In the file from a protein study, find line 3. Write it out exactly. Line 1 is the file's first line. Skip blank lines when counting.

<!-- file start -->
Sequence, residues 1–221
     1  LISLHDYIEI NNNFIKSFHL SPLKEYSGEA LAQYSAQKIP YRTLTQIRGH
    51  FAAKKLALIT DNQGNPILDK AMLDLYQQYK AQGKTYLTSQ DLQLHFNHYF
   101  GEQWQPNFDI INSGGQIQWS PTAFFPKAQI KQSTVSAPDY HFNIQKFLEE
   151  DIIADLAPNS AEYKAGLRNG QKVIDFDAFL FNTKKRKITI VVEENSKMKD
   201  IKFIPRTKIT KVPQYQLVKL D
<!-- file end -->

    51  FAAKKLALIT DNQGNPILDK AMLDLYQQYK AQGKTYLTSQ DLQLHFNHYF